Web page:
Ian Rawn is a 37-year-old man who warms the world with his kindness and good cheer. His most recent joys have been participating in the Plano, TX Citizen’s Police and Fire Academies. A 20-year dream came true as he competed in the Special Olympics World Winter Games in Austria in 2017, the lone Texan representing his state and country in figure skating. He is now ranked "4th in the World" and hopes to compete again in 2021 "for redemption" to bring back a medal for his country and state. His mantra on the ice and for life is, "If you fall, you fall, but you get back up and finish."
Ian has worked at Venturity Financial Partners since 2008. He serves on the Board of Directors of Special Olympics Texas and is a Global Messenger for Special Olympics National. He attends My Possibilities, a university for adults with IDD, studying leadership and performance dance. Ian volunteers for the Dallas Figure Skating Club and in Youth Ministry at his church in Plano.
Other interests include firefighting, paramedicine, and theatre. Ian completed 66 hours of state-mandated fire school training, serving as a permanent, probationary firefighter at Cochran Hose Company in PA, and was the inspiration for a movie script called, "Combustion." In Texas, he has been a volunteer for the Dallas County EMS and co-presenter at the National Down Syndrome Congress First Responder's Training. Ian is a theatre buff, performing for many years at North Texas Performing Arts Center and My Possibilities Performance Dance Group. Ian currently participates in research at the Universities of Pennsylvania, Kentucky, and Boston to help unlock the cure for Alzheimer’s.
Ian is the very proud recipient of a 2017 Honorary ESPY Award for Excellence in Sports Performance, holding that honor with his football idol, Dak Prescott. If there were rankings, Ian would be "1st in the World" Dallas Cowboy Fan and holder of the unquenchable belief in "Dak and the Boys" to bring home the ultimate win. In addition, Ian has received numerous honors including: United Way Community Hero, JC Penney Golden Rule Award Recipient for Outstanding Volunteerism, 1996 Olympic Torch Bearer for the Atlanta World Games - Presenter of the flame to the state of Arkansas, Community Leadership Hero - Richardson, TX, Recipient of Commendation from the State of Texas, Special Recognition from the City of Plano, and Honorary Superstar - Dallas Texas.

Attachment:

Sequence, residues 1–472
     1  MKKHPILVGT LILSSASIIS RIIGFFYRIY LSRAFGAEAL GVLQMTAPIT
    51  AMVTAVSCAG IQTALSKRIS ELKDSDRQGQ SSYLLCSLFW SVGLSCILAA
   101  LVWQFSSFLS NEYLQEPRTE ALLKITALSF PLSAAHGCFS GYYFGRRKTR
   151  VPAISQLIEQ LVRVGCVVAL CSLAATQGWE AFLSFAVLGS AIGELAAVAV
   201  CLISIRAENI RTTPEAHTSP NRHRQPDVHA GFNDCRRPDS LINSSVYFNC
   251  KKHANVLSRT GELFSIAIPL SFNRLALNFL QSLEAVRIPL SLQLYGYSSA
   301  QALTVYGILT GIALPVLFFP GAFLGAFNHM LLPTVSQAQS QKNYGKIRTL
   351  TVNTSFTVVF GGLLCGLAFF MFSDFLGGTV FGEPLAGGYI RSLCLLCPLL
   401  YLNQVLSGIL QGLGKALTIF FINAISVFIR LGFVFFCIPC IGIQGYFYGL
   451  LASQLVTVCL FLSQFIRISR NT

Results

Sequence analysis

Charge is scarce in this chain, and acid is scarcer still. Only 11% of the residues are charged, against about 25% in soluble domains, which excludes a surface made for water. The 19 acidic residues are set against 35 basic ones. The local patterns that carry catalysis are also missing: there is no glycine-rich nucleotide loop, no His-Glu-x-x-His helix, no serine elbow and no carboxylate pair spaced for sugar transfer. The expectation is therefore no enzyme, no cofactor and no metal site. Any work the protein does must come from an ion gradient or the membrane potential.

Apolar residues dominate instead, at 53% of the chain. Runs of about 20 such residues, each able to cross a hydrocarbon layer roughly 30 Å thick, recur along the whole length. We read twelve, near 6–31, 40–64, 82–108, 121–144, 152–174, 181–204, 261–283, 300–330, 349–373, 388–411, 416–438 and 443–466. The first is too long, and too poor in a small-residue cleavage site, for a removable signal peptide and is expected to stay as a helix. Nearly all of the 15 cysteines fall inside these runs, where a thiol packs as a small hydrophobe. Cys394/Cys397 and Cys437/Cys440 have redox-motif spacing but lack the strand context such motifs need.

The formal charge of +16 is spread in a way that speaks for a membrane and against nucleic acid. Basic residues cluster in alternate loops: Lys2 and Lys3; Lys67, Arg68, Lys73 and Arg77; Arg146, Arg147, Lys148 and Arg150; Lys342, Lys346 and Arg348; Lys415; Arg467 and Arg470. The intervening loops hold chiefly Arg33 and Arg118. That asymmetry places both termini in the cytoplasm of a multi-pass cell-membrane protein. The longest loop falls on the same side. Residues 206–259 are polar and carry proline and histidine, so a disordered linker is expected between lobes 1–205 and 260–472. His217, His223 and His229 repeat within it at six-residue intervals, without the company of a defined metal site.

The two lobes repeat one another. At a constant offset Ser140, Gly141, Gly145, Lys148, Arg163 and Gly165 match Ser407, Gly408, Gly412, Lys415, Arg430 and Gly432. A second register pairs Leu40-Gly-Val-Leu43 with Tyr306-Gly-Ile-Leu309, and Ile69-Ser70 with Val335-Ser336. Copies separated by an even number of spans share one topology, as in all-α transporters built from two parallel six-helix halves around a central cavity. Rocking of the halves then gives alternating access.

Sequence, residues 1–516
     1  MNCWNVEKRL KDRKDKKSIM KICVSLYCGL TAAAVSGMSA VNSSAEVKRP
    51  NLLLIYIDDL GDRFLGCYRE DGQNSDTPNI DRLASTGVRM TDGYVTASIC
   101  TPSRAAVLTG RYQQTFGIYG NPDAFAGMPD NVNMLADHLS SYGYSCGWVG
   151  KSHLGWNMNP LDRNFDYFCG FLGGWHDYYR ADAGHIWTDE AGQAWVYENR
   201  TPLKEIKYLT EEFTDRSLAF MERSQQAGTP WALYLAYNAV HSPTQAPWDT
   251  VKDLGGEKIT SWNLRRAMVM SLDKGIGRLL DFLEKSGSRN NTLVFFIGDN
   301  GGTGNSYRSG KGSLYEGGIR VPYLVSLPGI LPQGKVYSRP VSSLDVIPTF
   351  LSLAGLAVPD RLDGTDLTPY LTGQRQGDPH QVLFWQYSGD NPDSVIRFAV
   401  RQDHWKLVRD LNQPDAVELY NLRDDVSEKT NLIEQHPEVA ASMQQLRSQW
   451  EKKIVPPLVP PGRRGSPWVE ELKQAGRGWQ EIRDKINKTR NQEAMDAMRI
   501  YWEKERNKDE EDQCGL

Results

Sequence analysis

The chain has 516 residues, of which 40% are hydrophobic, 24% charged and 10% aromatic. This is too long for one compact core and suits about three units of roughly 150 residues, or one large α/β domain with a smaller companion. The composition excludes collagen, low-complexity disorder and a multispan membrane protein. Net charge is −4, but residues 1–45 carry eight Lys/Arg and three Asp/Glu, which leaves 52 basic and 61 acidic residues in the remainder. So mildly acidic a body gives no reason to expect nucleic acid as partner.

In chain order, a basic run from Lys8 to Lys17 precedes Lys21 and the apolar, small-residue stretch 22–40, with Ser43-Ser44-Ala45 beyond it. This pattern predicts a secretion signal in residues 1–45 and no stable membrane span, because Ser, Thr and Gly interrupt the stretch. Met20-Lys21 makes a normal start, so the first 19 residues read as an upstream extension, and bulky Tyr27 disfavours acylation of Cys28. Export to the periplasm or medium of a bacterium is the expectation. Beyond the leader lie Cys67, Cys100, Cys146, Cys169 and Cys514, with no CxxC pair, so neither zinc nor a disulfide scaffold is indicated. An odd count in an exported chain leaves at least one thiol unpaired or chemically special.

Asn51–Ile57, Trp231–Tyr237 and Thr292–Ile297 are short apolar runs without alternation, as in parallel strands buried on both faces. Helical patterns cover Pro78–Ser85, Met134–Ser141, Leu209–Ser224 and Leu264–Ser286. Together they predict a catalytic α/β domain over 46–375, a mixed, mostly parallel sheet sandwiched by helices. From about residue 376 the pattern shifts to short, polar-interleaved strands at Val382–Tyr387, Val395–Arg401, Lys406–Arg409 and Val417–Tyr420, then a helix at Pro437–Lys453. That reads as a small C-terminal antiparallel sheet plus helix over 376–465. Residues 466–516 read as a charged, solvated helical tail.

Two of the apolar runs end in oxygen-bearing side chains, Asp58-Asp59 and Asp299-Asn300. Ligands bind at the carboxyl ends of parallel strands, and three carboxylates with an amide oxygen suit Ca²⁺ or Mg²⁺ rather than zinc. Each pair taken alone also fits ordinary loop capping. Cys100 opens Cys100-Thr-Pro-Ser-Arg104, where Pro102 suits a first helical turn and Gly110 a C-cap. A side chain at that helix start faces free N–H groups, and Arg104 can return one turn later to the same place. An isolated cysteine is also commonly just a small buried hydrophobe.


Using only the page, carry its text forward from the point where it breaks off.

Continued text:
Deborah Varner lives in Burkburnett, Texas. She is 67 years old and part of the Blue Jays Special Olympics team. She is on the President Board for the state of Texas. She is the President of the ALPs for North Texas Area. Debbie’s purpose of Special Olympics is to get others involved with Self Advocates of Local and State. She will work with both as much as she can.
Hi, my name is Elizabeth Campbell and I live in Amarillo. I work at Hodgetown Stadium for the Amarillo Sod Poodles, a baseball team affiliated with the Double AA San Diego Padres baseball team.
I serve on the Executive Committee of the Athlete Leadership Council as its Secretary and am also the President of my local Athlete Leadership Committee of the Panhandle Area. I am a Global Messenger for the Panhandle Area. I have had the honor to earn the title of Athlete of the Year. I love doing sports all the time and I believe that Special Olympics is the fun thing to do.
If you, or someone you know, is interested in getting involved in ALPs, you may contact your area office for more information, or you can contact the Director of Outreach and Families at 1.800.876.5646. Find your local contact for ALP here.